StockOpter Software CEO Explains the Need for Advice on Options and Restricted Shares, How to Structure the Advice and How to Use That Skill to Prospect for Clients
Years ago, I bought a car based on a spreadsheet a friend created and used for his own car purchase. (That friend later attended Harvard Business School, so his spreadsheets are no longer free.)
The spreadsheet crunched financial data and estimates including price, ongoing maintenance and repairs, warranty length, reliability, resale value and similar data to help you pick the right car. Using that spreadsheet, I chose a wonderfully functional car on paper with less pizzazz than a concrete block.
The spreadsheet wasn’t right for me because it didn’t take my own needs and desires into account – it asked the right questions and calculated the right answers for my friend, not me.
When it comes to exercising and selling employee compensation options and shares, most people make my mistake – they follow the calculations and parameters innocently set by someone else with a different situation and goals rather than taking a deep dive to tailor the parameters and essential questions to their own circumstances.
Informing the Decisions of Option and Restricted Share-Rich Clients
One firm that helps advisors give the right advice to clients and prospects on exercising and selling options and restricted shares is software provider Net Worth Strategies, through its StockOpter software as a service (SaaS) platform that enables clients and prospects to make profitable, tax-smart and informed decisions tailored to their unique situation.
Founded in 1999, the firm’s users report that they generate over $750,000 in assets under management per client.
We sat down with Bill Dillhoefer, the CEO of Net Worth Strategies, a 22-year veteran of the firm and CEO since 2018, to discuss how advisors can reach out to prospects and clients about options and restricted shares and how to formulate the advice.
WSR: Where do employees with stock options or restricted shares/units currently get their advice on how and when to exercise their options and sell shares? Additionally, what kinds of mistakes are they making and how costly are these mistakes?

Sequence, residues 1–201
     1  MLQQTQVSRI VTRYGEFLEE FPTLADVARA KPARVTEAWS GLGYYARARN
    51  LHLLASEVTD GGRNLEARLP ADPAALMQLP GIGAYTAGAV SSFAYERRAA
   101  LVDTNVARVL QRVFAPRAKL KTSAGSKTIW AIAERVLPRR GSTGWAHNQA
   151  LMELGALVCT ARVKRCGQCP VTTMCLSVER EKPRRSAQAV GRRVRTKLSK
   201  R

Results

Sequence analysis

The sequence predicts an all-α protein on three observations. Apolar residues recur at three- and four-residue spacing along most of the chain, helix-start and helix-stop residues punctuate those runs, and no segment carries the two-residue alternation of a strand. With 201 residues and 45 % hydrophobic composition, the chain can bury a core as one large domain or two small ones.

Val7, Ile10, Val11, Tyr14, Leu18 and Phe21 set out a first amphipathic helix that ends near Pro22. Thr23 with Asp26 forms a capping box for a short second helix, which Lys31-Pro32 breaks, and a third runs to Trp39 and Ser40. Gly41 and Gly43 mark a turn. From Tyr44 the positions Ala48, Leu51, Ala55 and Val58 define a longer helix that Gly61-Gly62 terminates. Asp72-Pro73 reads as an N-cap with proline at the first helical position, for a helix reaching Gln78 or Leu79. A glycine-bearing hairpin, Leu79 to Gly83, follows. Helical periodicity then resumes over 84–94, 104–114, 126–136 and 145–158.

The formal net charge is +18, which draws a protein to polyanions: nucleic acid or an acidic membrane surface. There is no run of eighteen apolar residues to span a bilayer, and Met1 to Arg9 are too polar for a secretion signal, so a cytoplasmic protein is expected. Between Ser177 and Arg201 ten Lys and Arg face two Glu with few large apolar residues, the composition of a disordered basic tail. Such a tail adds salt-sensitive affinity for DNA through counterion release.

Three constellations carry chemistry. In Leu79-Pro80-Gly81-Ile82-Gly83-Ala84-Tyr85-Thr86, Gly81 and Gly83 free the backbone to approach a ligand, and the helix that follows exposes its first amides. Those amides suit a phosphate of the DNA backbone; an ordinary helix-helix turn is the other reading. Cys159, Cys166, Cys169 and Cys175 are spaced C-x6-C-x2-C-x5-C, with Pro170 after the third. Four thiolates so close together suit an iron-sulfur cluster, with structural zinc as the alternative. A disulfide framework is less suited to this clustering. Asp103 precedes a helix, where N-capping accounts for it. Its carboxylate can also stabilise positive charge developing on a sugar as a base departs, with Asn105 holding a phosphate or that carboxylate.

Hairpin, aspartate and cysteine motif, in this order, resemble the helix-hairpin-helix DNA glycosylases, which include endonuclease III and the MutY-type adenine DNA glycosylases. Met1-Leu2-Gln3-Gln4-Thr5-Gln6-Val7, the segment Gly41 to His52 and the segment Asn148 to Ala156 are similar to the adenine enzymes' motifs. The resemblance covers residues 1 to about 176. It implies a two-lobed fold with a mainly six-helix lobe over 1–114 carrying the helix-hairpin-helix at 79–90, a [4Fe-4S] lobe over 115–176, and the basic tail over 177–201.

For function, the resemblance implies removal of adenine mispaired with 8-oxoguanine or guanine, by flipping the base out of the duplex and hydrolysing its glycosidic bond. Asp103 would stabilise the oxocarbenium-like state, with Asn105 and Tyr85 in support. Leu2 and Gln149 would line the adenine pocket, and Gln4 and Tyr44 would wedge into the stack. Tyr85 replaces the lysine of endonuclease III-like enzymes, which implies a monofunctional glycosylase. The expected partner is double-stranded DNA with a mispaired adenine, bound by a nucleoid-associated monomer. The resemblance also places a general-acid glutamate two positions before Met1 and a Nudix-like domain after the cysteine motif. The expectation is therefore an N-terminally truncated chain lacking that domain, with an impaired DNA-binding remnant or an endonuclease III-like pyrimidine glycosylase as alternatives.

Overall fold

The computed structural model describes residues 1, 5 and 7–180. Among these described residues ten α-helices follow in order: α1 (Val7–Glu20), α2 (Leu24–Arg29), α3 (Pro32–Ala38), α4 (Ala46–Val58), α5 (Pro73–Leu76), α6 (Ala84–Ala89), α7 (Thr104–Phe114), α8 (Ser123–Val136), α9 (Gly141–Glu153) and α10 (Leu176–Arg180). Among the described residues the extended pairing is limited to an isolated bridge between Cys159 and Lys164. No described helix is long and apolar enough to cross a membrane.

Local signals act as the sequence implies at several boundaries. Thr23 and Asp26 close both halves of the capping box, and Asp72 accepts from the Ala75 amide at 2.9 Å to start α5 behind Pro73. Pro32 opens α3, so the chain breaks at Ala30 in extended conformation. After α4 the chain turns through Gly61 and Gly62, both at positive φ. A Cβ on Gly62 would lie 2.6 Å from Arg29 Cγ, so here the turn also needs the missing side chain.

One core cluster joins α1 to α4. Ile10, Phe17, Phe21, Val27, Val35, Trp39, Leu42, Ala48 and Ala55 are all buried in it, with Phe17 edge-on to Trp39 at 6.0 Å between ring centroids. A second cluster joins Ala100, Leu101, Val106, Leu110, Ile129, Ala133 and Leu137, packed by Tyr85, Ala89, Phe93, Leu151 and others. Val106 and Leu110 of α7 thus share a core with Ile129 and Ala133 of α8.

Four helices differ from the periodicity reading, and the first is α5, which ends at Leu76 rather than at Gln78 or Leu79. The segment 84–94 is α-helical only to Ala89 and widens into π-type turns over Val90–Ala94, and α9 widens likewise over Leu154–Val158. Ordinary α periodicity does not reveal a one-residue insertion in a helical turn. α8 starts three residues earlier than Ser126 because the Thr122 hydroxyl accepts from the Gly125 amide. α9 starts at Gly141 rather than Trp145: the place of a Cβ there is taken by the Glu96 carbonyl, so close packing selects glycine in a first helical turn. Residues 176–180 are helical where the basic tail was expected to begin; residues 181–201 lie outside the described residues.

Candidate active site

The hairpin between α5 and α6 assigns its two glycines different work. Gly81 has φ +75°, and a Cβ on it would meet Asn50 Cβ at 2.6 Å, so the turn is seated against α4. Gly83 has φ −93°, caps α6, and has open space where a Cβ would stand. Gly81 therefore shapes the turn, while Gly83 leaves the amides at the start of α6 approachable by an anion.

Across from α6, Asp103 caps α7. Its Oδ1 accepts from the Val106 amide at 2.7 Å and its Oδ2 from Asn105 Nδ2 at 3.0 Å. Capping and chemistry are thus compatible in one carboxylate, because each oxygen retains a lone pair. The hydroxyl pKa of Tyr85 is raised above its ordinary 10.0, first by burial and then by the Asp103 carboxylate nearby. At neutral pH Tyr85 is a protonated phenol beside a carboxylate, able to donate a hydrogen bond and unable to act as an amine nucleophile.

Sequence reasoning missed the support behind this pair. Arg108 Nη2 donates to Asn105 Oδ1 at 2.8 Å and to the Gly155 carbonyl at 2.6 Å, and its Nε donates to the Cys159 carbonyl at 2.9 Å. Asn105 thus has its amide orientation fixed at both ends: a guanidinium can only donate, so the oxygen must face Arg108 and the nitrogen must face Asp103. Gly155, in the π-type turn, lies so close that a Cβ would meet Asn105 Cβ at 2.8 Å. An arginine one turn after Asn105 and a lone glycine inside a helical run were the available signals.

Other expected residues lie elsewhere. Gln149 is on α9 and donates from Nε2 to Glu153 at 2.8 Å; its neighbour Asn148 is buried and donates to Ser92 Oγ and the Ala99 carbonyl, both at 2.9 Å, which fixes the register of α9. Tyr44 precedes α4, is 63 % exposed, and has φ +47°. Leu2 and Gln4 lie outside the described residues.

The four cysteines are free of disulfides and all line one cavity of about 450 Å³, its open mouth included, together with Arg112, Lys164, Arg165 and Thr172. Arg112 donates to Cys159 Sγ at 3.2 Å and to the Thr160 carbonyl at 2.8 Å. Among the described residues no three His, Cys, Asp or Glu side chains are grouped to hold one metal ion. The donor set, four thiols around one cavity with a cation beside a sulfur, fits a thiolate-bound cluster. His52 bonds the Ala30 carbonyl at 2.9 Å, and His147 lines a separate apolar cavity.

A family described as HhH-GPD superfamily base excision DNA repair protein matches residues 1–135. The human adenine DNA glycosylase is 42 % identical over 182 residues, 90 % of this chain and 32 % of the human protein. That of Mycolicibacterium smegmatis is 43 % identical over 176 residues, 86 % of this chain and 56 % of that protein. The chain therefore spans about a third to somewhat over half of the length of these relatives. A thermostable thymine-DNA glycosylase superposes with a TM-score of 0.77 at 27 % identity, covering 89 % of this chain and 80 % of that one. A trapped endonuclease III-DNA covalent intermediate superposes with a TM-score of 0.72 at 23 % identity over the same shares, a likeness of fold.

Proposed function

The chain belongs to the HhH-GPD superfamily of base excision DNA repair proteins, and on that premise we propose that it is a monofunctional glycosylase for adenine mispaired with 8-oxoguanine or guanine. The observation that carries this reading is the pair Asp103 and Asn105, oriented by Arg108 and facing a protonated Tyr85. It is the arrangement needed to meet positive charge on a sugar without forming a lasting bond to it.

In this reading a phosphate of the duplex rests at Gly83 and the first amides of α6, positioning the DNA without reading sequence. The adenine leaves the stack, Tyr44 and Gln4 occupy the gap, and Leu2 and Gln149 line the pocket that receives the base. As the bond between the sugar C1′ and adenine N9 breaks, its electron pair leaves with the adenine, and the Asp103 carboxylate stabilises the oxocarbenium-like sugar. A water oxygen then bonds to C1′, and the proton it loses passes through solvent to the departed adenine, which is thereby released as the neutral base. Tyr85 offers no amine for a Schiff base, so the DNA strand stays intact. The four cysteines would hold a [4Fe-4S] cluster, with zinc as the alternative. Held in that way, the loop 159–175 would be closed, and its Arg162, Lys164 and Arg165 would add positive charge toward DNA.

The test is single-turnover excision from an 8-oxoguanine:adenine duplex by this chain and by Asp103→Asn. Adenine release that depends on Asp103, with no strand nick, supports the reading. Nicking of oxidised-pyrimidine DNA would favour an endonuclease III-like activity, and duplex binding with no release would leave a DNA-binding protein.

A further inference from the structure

Dillhoefer: Unfortunately, I think most employees are not getting equity compensation guidance from financial advisors that specialize in this type of planning. Instead, they rely on “watercooler” advice from their peers. Every company has at least one equity compensation “expert” (AKA: Fred from Engineering) that built a spreadsheet for helping their fellow employees.
Although these people have good intentions and are generally very analytical, their advice is highly biased and not personalized.
A Schwab stock plan participant survey found that a mere 24% of respondents had exercised employee stock options or sold shares that were part of their equity compensation. This was attributed to a fear of making mistakes including exercising and selling under the wrong market conditions or from the potential tax implications of their decisions.
Equity compensation mistakes can be extremely costly particularly in volatile or down markets like the one we are currently experiencing. Many individual stocks are down from the beginning of the year by over 50%. Having to exercise options or sell shares in these markets due to expiration, job change or cash flow requirements can result in a major reduction in value.
Mistakes occur when equity compensation recipients don’t have a way to evaluate the risk in their holdings to establish reasonable decision criteria. Believing that the stock price will continue to go up like it has for the past several years is unrealistic and dangerous.